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Catechins found in tea (green, white, black), are best known for their antioxidant properties. Catechins have shown to exhibit antimicrobial activity against staphylococcus, E. Coli, and H. pylori1 in addition to preventing oxidative degradation. Due to these attributes, catechins have found utility in multiple arenas: commercial teas, food preservation2, free radical scavenging3 and as disinfection agents4. However, some quantification protocols call for
HPLC run times over 20 minutes.

In an effort to optimize the HPLC resolution after extraction of catechins from a commercial green tea bag, we have chosen a 10 mM (pH 2.5) sodium phosphate buffer for the aqueous mobile phase while utilizing acetonitrile as the organic eluent. The temperature of the separation was found to be optimized at 34°C for the best resolution and peak shape. All eight compounds were separated in under 12 minutes. The caffeine peak, #3, is highly sensitive to temperature changes under these conditions. Increased temperatures caused increased retention, whereas cooling the column to under 20°C was observed to reduce retention to under 4 minutes while leaving the remaining peak retentions relatively unchanged. Reproducibility studies are shown of the analysis from the first injection to the 500th injection, highlighting the durability found in all Hamilton Company HPLC columns.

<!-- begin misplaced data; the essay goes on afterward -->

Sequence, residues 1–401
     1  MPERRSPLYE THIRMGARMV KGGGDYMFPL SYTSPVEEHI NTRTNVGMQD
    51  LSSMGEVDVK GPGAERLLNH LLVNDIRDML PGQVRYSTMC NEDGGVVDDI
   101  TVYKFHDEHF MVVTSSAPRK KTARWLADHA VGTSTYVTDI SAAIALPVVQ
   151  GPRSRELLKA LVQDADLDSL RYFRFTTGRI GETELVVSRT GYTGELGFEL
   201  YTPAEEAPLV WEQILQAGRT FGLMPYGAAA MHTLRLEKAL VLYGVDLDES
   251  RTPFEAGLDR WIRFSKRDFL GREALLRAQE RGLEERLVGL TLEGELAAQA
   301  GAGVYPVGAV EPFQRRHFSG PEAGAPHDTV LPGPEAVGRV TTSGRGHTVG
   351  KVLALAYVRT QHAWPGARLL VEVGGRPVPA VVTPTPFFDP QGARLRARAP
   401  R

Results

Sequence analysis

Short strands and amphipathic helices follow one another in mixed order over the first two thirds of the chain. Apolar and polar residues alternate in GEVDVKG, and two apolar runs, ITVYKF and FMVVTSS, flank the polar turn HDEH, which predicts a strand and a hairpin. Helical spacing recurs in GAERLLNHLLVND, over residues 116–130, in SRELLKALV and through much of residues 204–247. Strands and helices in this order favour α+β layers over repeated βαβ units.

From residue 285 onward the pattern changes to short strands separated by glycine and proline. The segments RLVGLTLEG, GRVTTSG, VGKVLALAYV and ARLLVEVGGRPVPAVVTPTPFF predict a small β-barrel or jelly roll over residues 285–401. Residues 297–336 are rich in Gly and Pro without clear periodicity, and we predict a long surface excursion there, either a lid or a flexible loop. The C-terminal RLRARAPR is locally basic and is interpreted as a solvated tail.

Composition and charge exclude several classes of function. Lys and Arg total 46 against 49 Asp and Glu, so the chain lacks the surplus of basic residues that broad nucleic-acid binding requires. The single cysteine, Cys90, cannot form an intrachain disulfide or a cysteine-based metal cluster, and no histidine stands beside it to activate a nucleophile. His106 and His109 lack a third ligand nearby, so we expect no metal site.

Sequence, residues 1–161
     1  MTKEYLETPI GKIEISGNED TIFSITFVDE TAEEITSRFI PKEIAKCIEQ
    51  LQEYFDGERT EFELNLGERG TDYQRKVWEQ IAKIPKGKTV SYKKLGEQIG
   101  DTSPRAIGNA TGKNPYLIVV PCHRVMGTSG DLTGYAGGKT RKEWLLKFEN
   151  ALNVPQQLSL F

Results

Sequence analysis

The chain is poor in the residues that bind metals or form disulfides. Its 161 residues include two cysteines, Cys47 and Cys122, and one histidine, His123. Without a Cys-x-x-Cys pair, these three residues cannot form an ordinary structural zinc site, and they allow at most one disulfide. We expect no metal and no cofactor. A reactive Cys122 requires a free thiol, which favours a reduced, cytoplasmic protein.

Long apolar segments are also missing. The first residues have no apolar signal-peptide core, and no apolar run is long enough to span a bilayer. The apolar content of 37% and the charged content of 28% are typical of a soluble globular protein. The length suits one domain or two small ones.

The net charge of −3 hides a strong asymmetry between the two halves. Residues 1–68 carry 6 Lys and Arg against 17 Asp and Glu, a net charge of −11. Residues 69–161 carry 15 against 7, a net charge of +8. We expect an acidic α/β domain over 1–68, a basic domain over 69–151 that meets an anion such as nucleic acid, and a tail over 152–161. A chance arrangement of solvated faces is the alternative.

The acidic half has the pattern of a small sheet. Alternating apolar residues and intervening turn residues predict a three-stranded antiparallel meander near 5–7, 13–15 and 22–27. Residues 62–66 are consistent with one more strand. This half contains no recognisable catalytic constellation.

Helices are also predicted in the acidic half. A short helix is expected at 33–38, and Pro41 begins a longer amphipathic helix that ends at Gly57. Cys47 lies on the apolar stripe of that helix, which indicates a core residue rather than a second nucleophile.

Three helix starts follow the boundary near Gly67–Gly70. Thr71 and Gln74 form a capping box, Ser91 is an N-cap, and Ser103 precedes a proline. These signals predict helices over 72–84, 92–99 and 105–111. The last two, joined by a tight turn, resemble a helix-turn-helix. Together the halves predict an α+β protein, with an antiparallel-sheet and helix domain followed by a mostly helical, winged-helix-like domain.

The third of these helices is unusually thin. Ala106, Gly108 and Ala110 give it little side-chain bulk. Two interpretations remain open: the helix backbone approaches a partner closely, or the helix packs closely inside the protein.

Author: Adam L. Moore, PhD., Hamilton Company

1 ) Jeon J., Kim J. H., Lee C. K. Annals of Dermatology. 2014, 26(5), 564.
2 ) He, Y. H., Shahidi, F. J. Ag. Food Chem. 1997, 45(11), 4262.
3 ) Gupta D. A., Bhaskar D. J., Gupta R. K. Bio. Sci. Pharm. Res. 2014, 2, 8.
4 ) Reygaert, W. C. Bio. Med. Res. Int., 2018 9105261.

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Spill the Tea, Catechins Identified by Hamilton’s PRP-C18